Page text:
All too often dealers have moaned the diminishing magnitude of good quality and historically provenanced art, pointing out that acquisitions in important collections place them out of reach of the market. While this is a valid enough reason for an increase in the valuations of artists who are now considered masters, art-lovers reasonably expect to see some of these collected works come back into the market on secondary sales. Often, though, such sales are privately handled — because the seller does not want to draw attention for reasons of tax, or embarrassment (selling art, after all, is equivalent to peddling the family silver), which is why sellers have tended to use the argument that collections are sacrosanct to increase the value of those artists’ works that are in the market.
More collections have been discreetly sold than collectors are aware of, handled by dealers, but the veil is being lifted off one such forthcoming sale — a part of the bequest bequeathed by Jamshed Bhabha to the National Centre for the Performing Arts (NCPA), Mumbai. Bhabha’s own collection had much to do with his brother Homi Bhabha — both brothers were collectors who were known to patronise the modernists — 20 of which works will be auctioned on April 20 to raise funds for the cultural institute.
When it decided to tide over its need for funds by selling off its art, NCPA picked the highly regarded Dadiba Pundole to undertake the assignment. Pundole’s gallery has had a long association with the modernists, and Dadiba Pundole was till recently a consultant with auction house Sotheby’s, to which he first offered the 20 lots. However, the fund crunch made it essential for the sale to be executed almost immediately, but not wanting to conduct it privately, Pundole did the next best thing — he chose to announce the sale through his own hastily put together auction house, thereby launching Pundole’s.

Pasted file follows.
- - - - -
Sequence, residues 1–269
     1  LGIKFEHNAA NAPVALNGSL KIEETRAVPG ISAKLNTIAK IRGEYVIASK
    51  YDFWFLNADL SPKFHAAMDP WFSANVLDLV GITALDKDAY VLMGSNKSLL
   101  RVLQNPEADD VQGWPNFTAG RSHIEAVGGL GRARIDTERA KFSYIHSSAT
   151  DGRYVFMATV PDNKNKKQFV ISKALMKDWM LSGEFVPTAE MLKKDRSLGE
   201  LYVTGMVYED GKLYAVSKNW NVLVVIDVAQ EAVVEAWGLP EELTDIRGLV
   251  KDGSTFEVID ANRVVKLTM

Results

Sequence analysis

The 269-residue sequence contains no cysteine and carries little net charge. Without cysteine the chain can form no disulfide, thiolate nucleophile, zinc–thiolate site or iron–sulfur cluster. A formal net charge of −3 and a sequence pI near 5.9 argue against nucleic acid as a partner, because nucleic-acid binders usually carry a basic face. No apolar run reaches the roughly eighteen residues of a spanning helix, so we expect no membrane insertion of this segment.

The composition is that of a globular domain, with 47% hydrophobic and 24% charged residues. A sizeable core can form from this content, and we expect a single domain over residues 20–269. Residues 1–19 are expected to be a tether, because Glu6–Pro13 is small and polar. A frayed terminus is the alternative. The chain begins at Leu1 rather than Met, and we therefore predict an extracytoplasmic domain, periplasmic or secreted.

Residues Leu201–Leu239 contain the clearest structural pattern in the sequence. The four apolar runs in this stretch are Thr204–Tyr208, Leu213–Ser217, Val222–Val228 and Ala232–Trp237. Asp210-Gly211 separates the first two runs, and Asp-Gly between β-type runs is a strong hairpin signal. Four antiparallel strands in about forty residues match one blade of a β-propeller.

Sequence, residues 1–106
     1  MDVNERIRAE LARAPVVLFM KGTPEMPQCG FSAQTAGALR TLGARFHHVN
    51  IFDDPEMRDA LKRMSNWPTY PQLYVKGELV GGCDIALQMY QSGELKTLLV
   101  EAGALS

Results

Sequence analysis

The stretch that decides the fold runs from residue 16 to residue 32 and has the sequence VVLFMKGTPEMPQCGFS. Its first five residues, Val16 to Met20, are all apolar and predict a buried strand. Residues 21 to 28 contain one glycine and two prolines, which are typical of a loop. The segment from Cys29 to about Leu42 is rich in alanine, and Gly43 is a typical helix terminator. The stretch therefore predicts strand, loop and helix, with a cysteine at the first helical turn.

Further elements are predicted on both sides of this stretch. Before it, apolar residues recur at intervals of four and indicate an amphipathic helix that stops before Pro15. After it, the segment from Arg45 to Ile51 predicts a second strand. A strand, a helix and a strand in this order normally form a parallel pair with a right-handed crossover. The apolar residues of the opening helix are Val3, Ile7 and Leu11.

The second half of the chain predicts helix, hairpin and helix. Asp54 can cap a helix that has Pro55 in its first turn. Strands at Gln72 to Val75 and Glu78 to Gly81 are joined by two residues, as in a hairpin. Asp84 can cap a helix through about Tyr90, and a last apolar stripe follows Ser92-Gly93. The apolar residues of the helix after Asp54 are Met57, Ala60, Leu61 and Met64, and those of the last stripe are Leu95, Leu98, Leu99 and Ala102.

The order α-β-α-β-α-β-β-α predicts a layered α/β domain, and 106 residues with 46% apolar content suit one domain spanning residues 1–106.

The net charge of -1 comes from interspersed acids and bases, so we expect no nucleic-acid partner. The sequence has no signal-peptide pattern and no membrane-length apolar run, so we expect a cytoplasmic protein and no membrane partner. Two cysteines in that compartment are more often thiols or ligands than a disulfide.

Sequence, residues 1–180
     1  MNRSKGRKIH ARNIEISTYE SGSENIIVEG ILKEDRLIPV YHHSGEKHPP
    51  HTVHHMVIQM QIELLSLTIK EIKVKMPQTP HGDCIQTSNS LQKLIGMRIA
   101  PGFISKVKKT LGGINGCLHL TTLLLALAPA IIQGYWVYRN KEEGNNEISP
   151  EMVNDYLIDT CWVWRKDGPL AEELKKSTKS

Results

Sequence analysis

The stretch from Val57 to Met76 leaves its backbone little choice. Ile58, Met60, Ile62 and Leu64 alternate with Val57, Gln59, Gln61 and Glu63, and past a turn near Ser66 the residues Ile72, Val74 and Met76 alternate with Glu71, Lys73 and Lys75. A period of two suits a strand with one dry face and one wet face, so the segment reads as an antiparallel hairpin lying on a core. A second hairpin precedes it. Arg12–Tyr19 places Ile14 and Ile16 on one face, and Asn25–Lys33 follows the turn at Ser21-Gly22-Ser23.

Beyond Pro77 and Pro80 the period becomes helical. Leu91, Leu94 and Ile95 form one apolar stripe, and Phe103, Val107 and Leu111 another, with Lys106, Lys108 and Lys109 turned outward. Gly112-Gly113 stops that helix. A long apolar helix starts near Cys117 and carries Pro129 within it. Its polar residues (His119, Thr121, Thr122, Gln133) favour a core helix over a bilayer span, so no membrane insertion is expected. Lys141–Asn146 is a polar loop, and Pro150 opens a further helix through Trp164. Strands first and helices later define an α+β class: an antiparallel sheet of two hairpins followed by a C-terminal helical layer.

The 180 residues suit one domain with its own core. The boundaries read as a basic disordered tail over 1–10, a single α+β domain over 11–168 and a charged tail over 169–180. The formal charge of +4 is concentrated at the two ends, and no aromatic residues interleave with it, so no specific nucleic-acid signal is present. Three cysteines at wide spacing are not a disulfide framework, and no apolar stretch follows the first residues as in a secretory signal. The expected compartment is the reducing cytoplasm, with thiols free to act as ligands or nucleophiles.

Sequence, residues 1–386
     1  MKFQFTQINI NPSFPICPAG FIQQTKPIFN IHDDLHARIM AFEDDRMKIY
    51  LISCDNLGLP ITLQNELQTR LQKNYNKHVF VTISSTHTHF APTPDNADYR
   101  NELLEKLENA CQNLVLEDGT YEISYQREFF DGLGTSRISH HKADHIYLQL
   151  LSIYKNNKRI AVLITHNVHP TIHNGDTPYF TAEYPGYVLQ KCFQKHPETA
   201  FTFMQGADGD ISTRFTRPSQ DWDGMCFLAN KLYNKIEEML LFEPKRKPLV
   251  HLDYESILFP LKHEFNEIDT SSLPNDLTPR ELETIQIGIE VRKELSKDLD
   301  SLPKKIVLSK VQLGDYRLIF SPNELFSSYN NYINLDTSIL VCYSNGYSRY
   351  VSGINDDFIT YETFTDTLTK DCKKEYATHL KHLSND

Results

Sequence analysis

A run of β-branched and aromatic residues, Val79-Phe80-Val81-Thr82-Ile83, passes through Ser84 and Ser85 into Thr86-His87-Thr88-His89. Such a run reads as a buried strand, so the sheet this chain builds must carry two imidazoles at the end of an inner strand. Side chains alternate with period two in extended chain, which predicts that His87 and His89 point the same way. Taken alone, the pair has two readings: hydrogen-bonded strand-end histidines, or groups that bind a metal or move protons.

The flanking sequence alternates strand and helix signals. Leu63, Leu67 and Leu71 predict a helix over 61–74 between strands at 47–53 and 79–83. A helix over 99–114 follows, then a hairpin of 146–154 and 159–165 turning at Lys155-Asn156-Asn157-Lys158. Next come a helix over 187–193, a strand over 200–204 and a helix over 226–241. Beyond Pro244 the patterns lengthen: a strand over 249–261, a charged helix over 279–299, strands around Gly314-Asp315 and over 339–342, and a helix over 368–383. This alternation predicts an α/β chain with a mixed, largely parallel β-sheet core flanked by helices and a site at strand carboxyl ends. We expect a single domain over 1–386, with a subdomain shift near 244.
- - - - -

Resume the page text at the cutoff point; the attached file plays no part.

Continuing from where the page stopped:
India has fast garnered a reputation for establishing art institutions, including auction houses, with Pundole’s being only the latest. While buyers (and sellers) might see a conflict of interest between the gallery and the auction house, Dadiba Pundole is confident in assuring them that his intention is to keep his own gallery stock out of its auctions. Though its long-term agenda remains unclear, Pundole’s does not plan to have an auction calendar, hoping to sell only properties that interest it, as and when they come up, but limiting itself to single-ownership collections of a “historical” value.
In this instance, there are 13 artists that include Jamini Roy, K K Hebbar, N S Bendre,B Prabha, Badri Narayan, S Roerich, a 1959 cityscape by S H Raza, three Gaitondes (rare in itself, since V S Gaitonde painted very little), M F Husain’s unusual portrait of two sisters painted in 1958, Krishen Khanna’s Concerning a Drowned Girl that Pundole considers the finest of the artist’s variations on the same theme and one of his career’s best works, and a K H Ara nude that is definitely among that artist’s greatest. “In the case of such historic paintings” — and with their impeccable provenance — “it is difficult to put a price on them and easier to let the market decide the premium, thereby avoiding under- and over-expectations,” he says.
The total value of the sale is just under Rs 5 crore on the lower estimate and under Rs 7 crore on the higher estimate, with the Husain valued at Rs 30-40 lakh, the Krishen Khanna at Rs 22-28 lakh, the Ara between Rs 8-12 lakh, and at least one of the Gaitonde’s given star billing between Rs 1.8-2.2 crore.
While Pundole’s debut auction will be watched with interest among the collectorati, there’s a post-script to this for organisations unsure about the collectability of art. As the NCPA-Pundole’s sale indicates, art is an asset that can be liquidated in times of financial insolvency, provided it has been selected, at the point of investment, with care. Go buy.
Kishore Singh is a Delhi-based writer and art critic. These views are personal and do not reflect those of the organisation with which he is associated